As a business owner I would think that using a classic vehicle as “advertising” would be entirely possible. (thanks for the great idea!)..

  5. Jeffstag

    The wood wheels don’t really get out of true unless you do something really terrible to them. At that point, barring heroic efforts, you just have to find replacements

    • brakeservo

      Car is so slow you’ll probably never notice out of round wheels unless it’s pretty severe!

  6. randy

    I too find it astoundingly cheap. If he did not sell it to someone in the Model T club, there’s going to be some hurt feelings on this sale. “Family First” and all.

  7. z1rider

    The part of the spokes which are retained in the hub are very precisely shaped, almost as if machined so that they fit together in the hub nice and tight. Then the they are clamped to the hub with a stout round plate and six bolts. There is a lot of surface area in contact with the hub and that plate and so they are very strong and stable. The optimal wood for the spokes is supposedly hickory. Oak is considered too brittle.

    Over time though they would loosen, especially in dry areas. Some would make a trip through a creek to swell the spokes, temporarily at least.

    If you look at old midget sprint cars they repurposed those hubs for those little halibrand mag wheels which used 6 lug studs in place of the bolts and used the same holes for the studs.

  8. David Frank David Member

    Most model Ts don’t sell for very much these days. Here’s one I guess I should write up. Lots of Model As and Ts were restored in the 19502 and 1960s and when the owners passed on, the next generation just doesn’t care. This T is from the last year, 1927, and was restored and upgraded some time ago. It has wire wheels and an electric starter, for example. The problem is, the head gasket leaked while it sat and now the engine is stuck. They want $8000 for it, but I don’t thik they’ll get close to that.

    http://www.camcarsales.com/1927_Ford_Model%20T_Sacramento_CA_260376833.veh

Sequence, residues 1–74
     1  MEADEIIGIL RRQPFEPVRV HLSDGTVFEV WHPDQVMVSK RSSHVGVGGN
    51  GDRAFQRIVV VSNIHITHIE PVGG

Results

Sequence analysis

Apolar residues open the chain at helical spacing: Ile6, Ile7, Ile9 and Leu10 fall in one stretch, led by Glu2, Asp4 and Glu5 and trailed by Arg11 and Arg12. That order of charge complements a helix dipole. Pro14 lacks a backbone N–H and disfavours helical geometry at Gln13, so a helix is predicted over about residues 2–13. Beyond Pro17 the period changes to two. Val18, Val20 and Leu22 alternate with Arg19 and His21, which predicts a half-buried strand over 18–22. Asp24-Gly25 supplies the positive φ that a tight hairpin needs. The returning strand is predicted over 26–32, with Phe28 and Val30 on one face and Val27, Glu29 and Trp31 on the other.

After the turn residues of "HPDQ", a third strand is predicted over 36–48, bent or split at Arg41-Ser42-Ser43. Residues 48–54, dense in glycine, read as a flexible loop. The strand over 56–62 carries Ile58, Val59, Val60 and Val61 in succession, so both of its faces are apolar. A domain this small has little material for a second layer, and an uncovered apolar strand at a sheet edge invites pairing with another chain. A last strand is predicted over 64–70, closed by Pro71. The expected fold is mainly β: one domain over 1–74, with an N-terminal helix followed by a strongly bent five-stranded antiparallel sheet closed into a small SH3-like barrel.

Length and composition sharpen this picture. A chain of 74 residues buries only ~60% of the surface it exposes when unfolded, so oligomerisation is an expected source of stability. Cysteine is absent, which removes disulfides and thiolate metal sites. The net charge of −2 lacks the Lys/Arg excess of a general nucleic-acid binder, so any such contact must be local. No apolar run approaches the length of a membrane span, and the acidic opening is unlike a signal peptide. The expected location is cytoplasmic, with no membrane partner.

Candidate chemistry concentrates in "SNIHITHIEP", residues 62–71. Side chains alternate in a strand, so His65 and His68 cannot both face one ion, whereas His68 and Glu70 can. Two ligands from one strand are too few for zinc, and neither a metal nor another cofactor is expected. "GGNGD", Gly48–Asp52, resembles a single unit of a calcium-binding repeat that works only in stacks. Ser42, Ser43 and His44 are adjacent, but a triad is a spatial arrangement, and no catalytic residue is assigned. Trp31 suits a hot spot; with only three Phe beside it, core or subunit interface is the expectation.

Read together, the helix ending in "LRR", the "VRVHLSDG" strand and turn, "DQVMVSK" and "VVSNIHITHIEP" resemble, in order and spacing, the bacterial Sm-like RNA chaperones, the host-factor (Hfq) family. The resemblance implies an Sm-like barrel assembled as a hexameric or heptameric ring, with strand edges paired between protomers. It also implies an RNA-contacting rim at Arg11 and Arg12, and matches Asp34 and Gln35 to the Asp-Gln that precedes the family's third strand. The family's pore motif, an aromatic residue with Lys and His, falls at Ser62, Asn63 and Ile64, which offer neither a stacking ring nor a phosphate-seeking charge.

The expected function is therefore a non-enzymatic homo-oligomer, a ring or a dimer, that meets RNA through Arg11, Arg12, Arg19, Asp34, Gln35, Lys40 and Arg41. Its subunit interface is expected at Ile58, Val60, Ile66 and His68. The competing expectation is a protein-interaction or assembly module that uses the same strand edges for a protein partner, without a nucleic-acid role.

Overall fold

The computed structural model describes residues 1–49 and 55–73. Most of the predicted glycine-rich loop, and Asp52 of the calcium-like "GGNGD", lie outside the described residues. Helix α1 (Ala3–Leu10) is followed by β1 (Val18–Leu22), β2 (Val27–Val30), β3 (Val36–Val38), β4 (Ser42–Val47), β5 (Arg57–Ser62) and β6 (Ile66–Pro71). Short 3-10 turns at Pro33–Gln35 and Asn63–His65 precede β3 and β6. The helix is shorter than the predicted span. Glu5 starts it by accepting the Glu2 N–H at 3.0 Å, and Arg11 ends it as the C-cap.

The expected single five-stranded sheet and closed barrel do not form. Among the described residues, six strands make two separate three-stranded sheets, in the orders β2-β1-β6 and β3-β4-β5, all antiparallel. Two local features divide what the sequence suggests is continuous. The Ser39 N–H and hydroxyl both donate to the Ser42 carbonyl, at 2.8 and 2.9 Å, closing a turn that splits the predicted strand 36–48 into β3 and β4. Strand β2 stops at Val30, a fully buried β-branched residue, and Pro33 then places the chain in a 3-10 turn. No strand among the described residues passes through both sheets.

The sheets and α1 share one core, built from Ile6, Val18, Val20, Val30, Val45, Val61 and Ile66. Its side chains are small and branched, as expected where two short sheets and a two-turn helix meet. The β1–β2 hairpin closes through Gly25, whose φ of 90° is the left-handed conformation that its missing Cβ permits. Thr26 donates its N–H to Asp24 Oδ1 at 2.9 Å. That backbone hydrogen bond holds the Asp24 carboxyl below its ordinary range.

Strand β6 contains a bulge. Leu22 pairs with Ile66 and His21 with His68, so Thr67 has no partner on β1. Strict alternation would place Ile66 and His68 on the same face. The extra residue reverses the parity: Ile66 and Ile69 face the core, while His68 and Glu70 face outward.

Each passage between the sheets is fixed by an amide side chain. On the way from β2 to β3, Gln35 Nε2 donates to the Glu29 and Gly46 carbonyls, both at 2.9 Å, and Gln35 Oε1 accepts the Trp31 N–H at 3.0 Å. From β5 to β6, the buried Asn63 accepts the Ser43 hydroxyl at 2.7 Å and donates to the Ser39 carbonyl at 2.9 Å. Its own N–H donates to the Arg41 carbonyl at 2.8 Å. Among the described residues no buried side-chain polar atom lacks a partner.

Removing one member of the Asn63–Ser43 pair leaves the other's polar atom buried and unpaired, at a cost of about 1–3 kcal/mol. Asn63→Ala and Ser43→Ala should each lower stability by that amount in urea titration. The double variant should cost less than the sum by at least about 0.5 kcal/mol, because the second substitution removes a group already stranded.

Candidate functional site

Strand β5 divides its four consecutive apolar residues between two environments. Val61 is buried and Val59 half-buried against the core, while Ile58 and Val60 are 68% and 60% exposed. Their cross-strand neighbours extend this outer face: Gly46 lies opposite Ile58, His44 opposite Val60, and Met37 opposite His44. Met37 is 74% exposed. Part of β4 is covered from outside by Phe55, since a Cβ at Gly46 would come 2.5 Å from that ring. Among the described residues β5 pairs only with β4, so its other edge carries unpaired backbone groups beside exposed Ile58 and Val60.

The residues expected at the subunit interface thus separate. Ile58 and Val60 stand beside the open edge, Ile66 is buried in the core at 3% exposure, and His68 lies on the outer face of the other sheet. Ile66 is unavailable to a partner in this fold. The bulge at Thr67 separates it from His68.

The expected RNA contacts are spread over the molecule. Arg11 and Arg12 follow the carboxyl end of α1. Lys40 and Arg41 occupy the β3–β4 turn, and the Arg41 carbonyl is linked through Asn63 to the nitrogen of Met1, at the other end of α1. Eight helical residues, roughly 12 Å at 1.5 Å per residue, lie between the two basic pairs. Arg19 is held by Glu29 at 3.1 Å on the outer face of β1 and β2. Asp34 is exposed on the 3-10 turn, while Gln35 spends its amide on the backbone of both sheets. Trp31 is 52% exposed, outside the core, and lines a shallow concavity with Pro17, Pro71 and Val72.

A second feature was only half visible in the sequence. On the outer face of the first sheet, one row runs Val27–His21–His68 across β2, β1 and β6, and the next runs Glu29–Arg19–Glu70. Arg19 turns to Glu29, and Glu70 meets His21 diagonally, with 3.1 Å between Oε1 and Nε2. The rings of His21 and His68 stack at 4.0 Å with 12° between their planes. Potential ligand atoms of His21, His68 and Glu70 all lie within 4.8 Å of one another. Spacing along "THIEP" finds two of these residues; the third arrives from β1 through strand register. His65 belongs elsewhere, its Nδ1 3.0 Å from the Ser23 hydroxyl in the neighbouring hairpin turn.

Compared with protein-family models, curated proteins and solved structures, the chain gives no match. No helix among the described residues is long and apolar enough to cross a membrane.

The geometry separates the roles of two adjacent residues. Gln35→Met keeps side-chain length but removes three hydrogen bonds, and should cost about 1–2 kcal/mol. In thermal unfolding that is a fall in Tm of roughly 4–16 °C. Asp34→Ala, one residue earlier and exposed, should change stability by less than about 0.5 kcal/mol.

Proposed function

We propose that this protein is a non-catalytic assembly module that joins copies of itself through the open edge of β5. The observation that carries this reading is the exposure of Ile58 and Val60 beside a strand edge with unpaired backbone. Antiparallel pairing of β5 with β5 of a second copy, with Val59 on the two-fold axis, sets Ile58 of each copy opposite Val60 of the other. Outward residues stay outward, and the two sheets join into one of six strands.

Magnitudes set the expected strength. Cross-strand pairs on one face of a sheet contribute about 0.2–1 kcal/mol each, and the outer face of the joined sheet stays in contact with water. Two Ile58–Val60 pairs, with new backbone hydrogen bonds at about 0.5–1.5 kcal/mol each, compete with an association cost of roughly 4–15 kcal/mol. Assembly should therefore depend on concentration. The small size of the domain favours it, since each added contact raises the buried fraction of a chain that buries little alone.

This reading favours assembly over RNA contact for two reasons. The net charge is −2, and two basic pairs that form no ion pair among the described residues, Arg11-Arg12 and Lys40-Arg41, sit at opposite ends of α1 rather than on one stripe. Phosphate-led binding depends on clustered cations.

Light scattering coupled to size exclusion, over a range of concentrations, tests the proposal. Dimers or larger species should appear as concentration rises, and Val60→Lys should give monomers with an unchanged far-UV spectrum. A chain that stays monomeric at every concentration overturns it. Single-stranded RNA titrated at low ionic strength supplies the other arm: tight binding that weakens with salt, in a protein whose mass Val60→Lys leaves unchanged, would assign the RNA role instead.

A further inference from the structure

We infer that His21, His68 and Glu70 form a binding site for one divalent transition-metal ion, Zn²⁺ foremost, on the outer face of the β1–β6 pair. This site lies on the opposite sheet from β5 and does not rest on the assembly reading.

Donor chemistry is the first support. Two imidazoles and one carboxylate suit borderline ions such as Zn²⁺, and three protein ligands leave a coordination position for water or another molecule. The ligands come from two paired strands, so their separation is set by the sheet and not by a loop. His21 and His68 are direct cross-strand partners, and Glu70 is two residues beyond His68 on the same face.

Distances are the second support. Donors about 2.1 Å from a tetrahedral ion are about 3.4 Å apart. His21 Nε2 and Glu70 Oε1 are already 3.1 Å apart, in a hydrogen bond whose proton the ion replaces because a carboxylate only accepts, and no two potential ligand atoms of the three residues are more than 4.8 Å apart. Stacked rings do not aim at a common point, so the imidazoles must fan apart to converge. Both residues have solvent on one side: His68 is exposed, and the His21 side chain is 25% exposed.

• randy

      That’s a nice one! Too bad they are from a forgotten era.

  9. Rob

    @Jamie.. re is there a way to list owning a classic car and using it to publicize your business as an advertising expense?.. Yep, and here’s a great example: Truly Nolan Pest Control had/has been doing it for decades all over the US, tho now, most are his ‘mouse cars’. But at one time, cars like this were parked at gas stations, etc for his advertising in every city he had offices in, and definitely were a business tax write-off.

  10. Rex Kahrs Member

    C’mon guys! Slam it and drop in a SBC? It’s a new thing…T-drifting.

    • randy

      I am starting to understand how you came by your name, it would most likely end up as “tilted T” or Tumbled T’s. It would sure be fun to watch you try though!

    • grant

      Nooooo!!! It’s a nice car, leave it be…

  11. Jamie Palmer Jamie Staff

    Thanks for all the advertising advice, folks, I figured the great community we have here would know 😀

  12. Jamie Palmer Jamie Staff

    Thanks for all you guys know about these wheels! So cool to have experts!

  13. Fred

    Couple of years ago I had a Chevrolet 490, which looks identical to a “T” but has a conventional transmission. Bought it online from the R & M Hershey auction. Out of a couple hundred cars, at $8500 it was the cheapest. Sold it two years later for $7500.

    • grant

      That’s a beautiful car, Fred.

  14. Marty Wilke Marty Member

    Fans of this car may also want to check out the 1920 Harold Lloyd silent film “Get Out and Get Under”. It has some impressive stunt work.

    Here it is on YouTube: https://www.youtube.com/watch?v=v1-kR7o34cA

  15. MountainMan

    At motorcycle shop I worked at in NC we had a few old cars in addition to the bikes. A caddilac limo that had belonged to a president, a 34 Ford very and a T. I would start it in the morning and move it out front and then it came back inside at closing time. Its been a few years ago and I don’t remember the controls and procedures exactly butit was defiantly different. We also and the motorcycle “big”that was built on the discovery channel show with the same name. It was just about as hard to get use to driving as the T. These cars are surprisingly inexpensive for how old they are but there were lots and lots of them manufactured

  16. Graham Lloyd

    Even gear head should own a T somewhere along in their life. It doesn’t take long to master the controls, and you can’t beat the smiles per mile.

    Other than the usual advice of having a T expert from the local club help you when you look for one, is find a nicely restored or original one. Lots of them around and unless it’s a brass car, they are relatively cheap. Get one with electric start. Cranking gets real old, real quick. And if looking at a closed car, check your garage door height. My 20 Centredoor is 2 inches shorter than my 7′ garage door. They are pretty tall.

  17. rogerowen

    Very cheap indeed! As for reliability? I was part of a 3 man team sharing a 874 mile journey from Lands End to John O’groats (the entire length of the UK) in a 1923 ‘T’. The only real problem we encountered was when we assailed a long steep hill – the oil supply to the front of the crankshaft was lost causing some wear / noise / loss of power. The roadside fix was to file a bit off the front bearing cap to close the gap and an hour later we were off again. My job was mainly to film the journey, but had the privilege to drive the ‘T’ on the last leg and across the finish line.

    Lovely car to drive once you get used to the controls.

  18. Marty Wilke Marty Member

    Graham, I’d love to see more photos of your center-door T.

  19. Fossil